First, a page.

Exclusive: Tory Ministers Accused Of Spending Public Cash On Facebook Ads In Election Swing Seats

"Outrageous" campaign trumpets £25m of investment in key battlegrounds.
Examples of the ads targeted at election battlegrounds.
Examples of the ads targeted at election battlegrounds.

Tory ministers have come under fire for spending government cash on Facebook ads targeted at voters in election swing seats.

HuffPost UK has learned that ministers authorised more than 20 adverts, paid for with taxpayers’ cash, to go live on Tuesday, the same day Boris Johnson got MPs to back a snap general election.

Published on a page for a government campaign called ‘My Town’, the ads trumpet £25m of investment for each individual area.

The adverts, designed by the Ministry of Housing, Communities and Local Government (MHCLG), refer to the £3.6bn Towns Fund announced by the prime minister in September.

But they also say: “We want local people to determine how this money is spent.”

Labour MP Ian Lucas called the promotion an “outrageous” misuse of public cash.

He has written to Cabinet Office minister Michael Gove demanding to know how data was gathered for the campaign and accusing ministers of misusing taxpayers’ cash.

The messages all appear to be specifically targeted at people living in mostly-Brexit-voting towns where the sitting MP has a majority below 5,000 votes, such as Milton Keynes, Morley, Northampton and Workington.

“These adverts are being deployed to Tory target seats on the cusp of a general election,” Lucas said.

“It would be an insult to our intelligence to say that this isn’t public money being used for political purposes. It clearly is.

“And it is an example of how the government is merging political activity with the arms of government in its own political interest.”


While parliament has not yet dissolved and the civil service has not officially entered the pre-election period when it must remain neutral - known as ‘purdah’ - the ads were published when it was clear a snap poll would happen.

“The civil service appears to be asleep at the wheel,” Lucas told HuffPost UK. “This is something that goes to the heart of an independent civil service and it is profoundly wrong.

“I want to know how these adverts are being targeted. Is it purely geographical or are they individualising receipts of the adverts - and if so, where is that data coming from?”

It comes as experts predict the general election battle will be won and lost in such places, with Labour’s support concentrated in Remain-backing urban areas and the Tories expected to hang on to many of their rural strongholds.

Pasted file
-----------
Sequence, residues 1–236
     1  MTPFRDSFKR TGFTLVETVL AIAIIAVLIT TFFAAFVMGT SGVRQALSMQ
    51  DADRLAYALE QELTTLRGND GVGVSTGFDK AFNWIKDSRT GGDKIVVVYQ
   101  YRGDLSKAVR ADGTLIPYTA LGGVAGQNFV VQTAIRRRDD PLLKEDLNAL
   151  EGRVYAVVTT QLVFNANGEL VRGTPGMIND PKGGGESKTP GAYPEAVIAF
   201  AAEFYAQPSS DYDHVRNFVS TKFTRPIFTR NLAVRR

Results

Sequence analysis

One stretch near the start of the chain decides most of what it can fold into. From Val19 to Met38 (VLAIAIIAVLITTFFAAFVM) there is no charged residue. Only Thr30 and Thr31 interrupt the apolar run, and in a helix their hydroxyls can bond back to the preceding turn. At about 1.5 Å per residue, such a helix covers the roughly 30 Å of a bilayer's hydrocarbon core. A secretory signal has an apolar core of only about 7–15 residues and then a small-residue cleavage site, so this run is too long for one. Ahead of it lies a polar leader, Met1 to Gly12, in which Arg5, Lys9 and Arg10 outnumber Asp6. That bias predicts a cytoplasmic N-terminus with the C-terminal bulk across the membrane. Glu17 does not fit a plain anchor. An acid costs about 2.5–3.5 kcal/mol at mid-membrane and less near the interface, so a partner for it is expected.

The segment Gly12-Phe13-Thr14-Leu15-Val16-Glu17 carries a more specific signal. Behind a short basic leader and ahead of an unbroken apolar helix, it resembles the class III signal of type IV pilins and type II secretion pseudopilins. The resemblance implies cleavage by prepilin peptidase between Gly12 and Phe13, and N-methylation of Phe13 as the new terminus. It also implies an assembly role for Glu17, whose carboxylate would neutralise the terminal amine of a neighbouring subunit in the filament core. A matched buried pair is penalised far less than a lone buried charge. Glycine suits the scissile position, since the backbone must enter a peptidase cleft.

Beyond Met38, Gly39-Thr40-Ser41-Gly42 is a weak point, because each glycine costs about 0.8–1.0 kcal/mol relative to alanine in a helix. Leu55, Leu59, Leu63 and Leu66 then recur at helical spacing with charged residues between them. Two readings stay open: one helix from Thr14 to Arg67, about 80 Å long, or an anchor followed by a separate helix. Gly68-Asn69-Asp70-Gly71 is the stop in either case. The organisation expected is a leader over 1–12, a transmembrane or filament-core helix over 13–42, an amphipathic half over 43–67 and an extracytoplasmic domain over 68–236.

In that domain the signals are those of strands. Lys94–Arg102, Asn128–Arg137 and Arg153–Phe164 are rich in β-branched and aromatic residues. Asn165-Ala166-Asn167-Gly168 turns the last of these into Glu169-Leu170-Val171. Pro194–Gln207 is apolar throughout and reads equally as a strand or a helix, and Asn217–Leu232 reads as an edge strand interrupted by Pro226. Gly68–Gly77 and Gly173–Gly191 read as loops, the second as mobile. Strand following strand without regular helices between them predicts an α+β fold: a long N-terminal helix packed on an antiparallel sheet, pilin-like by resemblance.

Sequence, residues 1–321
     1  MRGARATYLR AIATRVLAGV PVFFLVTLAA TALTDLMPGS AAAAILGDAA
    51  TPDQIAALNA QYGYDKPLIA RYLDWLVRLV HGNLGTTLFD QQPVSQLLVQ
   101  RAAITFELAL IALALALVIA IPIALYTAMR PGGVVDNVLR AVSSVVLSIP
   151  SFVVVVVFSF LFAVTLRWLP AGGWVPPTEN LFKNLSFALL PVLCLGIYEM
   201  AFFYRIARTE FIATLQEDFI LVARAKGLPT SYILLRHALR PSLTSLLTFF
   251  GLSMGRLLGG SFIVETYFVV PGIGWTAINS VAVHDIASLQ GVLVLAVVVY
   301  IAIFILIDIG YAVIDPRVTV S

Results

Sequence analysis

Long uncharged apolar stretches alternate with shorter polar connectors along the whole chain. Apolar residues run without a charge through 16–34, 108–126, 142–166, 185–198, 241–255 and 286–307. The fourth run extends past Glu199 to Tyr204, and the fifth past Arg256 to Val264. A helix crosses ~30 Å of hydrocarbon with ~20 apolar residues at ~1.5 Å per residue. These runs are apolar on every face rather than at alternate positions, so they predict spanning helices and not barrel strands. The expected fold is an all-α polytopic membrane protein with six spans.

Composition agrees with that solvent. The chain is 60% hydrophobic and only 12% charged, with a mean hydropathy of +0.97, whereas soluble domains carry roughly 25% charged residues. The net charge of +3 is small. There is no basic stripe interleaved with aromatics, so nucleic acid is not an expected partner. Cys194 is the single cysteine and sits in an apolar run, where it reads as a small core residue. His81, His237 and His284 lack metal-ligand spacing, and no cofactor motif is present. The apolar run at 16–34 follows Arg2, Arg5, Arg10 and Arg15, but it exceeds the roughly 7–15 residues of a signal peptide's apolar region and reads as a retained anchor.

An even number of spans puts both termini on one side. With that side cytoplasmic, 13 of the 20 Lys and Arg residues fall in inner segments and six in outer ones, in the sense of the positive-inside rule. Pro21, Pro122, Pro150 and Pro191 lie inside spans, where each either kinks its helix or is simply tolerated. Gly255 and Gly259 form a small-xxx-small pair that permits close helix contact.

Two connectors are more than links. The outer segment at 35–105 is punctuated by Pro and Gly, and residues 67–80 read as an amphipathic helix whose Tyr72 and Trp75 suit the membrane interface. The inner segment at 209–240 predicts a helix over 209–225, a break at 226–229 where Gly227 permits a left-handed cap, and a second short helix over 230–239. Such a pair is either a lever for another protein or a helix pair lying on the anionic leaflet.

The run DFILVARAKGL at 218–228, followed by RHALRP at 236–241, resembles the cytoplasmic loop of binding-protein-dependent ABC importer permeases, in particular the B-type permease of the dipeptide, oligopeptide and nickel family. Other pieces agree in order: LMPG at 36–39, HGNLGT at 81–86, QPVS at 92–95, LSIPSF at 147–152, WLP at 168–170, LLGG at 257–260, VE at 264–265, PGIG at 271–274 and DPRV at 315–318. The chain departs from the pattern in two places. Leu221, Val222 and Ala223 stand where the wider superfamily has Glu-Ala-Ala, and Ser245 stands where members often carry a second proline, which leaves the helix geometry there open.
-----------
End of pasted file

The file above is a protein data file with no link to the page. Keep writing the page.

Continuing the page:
A government spokesman said ministers would respond to Lucas’ letter, and added: “These posts were published before the election was called and parliament has not yet been dissolved.

“All towns selected were chosen according to the same selection methodology, including analysis of deprivation, exposure to Brexit, productivity, economy resilience and investment opportunities.”

It is also not the first time ministers have faced claims they have used the civil service for electioneering.

Letter from Ian Lucas to Michael Gove
Letter from Ian Lucas to Michael Gove
Ian Lucas
Letter from Ian Lucas to Michael Gove
Letter from Ian Lucas to Michael Gove
Ian Lucas

Johnson and Gove were accused of breaching the ministerial code after using public funds for the ‘Get Ready For Brexit’ campaign, which stated the UK would leave the EU on October 31, despite a new law which had ruled it out.

Billboards, mugs and newspaper adverts warning people about the impact of no-deal on October 31 were green-lighted by the PM and cabinet minister Gove and paid for with £100m of public cash.

But a cross-party group of MPs, led by Lib Dem leader Jo Swinson, wrote to top civil servant Sir Mark Sedwill, saying the ads are not only “redundant and misleading” but pushed a Tory message with public money.

The ministerial code states that “ministers must not use government resources for party political purposes”.

Data and how parties use digital advertising will be under intense scrutiny during the election campaign.

Facebook founder Mark Zuckerberg has come under pressure to follow Twitter in banning political ads, but has refused.

Johnson’s controversial senior adviser Dominic Cummings, the former head of Vote Leave, was also reported by Buzzfeed to have secretly ordered the Cabinet Office to turn the government’s public internet service into a platform for “targeted and personalised information” to be gathered.

The report last month also said the PM told departments to share data they collect about usage of the ‘gov.uk’ portal so that it can feed into preparations for Brexit.

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